The Briard standard does have eight disqualifications. In my opinion some are to differentiate the Briard from its cousin the Beauceron. The DQ’s for eye color for example, and the DQ for spotted coat are meant to clearly separate the two breeds. I do not feel like there should be anymore DQ’s we already have more than most breeds. And, as far as adding any more DQ’s I do not feel like we need to add any the Briard is pretty well covered from head
to tail.

I do feel that size is of “concern” in our breed. Briards are a medium sized working breed, and it seems that some of the dogs are just getting too big. We do have wording that appears twice in the standard that says “inelegant gait should be severely penalized”. The bigger dogs can be cumbersome and not have the “quick silver” gait required of the breed. The Briard should be able to work trotting and changing speed and direction over the corse of a work day, the larger dogs would break down and tire in my opinion. This is a concern and not something I feel should be an added DQ but as breeders we should be mindful of.

The general public often mistakes the Briard for a Bouvier. Not sure how but I guess to the uneducated eye they make that assumption. Briards are not very well know and there are very few out and about for people to see. People often admire their regal appearance and are taken by the beautiful coat. When we have one of our dogs out with us we know that it may take us longer to get where we are going because people stop us to ask us lots of questions about
the breed.

I evaluate the entire litter at eight weeks. This gives me the opportunity to pick out the stand outs from the companion puppies. All of our puppies are placed into show homes first then I place puppies into the other companion homes based on appropriate temperament for each family. Because choosing the right temperament for each individual family is primary I select each puppy for each buyer. All of our puppies are sold with a purchase agreement requiring spay or neuter and we are there to assist new owners through the life of their puppy.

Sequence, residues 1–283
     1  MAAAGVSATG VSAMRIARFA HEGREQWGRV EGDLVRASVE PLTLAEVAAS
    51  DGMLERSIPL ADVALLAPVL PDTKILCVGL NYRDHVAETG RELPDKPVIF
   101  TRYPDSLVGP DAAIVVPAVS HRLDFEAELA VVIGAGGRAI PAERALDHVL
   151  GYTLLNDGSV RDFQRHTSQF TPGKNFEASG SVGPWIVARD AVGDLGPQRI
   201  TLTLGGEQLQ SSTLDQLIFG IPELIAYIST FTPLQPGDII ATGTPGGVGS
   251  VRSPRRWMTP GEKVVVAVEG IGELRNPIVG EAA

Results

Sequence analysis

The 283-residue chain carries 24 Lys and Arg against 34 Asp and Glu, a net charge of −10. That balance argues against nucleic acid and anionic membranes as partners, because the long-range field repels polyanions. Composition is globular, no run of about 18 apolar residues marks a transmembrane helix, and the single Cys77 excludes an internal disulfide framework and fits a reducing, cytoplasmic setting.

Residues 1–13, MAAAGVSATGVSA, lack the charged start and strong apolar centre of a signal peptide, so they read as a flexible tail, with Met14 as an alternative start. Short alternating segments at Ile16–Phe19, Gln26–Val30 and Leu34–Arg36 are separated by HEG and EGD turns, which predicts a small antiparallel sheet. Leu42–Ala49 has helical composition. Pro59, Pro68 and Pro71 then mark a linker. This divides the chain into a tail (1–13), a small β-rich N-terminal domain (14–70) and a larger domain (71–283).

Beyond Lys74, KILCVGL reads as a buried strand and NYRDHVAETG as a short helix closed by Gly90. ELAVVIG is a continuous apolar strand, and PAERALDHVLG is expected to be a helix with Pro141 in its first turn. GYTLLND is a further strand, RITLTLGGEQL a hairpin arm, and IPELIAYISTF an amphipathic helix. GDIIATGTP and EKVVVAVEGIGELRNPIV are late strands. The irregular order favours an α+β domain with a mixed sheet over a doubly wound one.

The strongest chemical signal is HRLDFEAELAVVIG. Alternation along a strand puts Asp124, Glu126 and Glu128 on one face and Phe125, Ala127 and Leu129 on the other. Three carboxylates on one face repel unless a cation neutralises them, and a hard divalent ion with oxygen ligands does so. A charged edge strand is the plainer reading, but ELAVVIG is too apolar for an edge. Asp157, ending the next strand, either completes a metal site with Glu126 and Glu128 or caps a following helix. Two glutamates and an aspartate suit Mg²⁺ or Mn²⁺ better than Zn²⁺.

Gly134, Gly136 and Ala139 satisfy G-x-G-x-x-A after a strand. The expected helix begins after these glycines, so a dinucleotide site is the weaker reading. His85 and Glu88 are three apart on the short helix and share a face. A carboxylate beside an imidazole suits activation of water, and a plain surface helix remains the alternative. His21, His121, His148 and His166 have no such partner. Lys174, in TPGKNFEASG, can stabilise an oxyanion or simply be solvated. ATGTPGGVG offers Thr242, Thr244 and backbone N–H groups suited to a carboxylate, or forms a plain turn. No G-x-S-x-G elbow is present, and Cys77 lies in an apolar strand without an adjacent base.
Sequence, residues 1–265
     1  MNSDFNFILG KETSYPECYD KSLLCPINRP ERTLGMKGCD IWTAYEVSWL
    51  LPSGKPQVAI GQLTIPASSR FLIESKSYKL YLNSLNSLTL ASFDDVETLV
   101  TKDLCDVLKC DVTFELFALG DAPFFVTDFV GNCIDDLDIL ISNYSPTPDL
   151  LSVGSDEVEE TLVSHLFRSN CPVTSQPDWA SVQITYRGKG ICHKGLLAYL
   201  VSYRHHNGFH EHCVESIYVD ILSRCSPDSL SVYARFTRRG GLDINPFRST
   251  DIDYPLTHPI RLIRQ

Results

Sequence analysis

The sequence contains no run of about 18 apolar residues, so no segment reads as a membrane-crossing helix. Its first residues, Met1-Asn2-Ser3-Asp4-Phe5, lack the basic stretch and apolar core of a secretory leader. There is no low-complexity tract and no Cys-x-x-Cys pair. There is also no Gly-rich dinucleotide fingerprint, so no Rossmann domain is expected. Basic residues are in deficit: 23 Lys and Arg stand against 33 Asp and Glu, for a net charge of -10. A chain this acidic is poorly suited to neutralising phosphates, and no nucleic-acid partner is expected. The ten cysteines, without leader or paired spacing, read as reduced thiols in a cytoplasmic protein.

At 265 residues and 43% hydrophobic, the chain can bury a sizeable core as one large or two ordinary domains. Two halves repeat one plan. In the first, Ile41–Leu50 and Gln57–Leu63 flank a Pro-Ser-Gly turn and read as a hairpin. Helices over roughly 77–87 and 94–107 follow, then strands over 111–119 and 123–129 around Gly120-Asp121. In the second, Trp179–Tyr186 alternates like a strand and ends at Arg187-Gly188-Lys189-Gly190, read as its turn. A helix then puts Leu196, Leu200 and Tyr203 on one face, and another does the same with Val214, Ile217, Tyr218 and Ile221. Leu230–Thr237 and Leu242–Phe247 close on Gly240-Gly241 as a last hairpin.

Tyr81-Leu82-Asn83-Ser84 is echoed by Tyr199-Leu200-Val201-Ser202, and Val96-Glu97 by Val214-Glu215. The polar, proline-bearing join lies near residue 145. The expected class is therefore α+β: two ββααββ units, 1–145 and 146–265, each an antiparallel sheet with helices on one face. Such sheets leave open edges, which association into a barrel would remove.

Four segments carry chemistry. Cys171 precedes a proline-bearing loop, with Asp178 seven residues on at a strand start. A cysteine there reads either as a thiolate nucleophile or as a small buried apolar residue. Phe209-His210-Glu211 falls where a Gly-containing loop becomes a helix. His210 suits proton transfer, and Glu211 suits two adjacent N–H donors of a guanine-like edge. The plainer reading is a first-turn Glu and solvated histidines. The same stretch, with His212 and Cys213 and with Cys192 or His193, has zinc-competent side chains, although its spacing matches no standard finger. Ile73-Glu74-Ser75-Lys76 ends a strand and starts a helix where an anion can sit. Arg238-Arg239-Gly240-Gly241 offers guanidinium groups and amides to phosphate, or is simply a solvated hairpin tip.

Show prospects are chosen around 12 weeks of age although I generally evaluate the entire litter at eight weeks. I watch the puppies move around in the yard from about five weeks on. Often there are a stand out puppies who cover the ground beautifully and never stop without being four square and just seem to always put their feet down just right. Generally you can see this by eight weeks of age. As far as having it all together though, if I can hang on to my favorite puppies until about 12 weeks that gives me a good idea of their foot timing, how they carry themselves and movement. It seems like they come together and are coordinated at that age.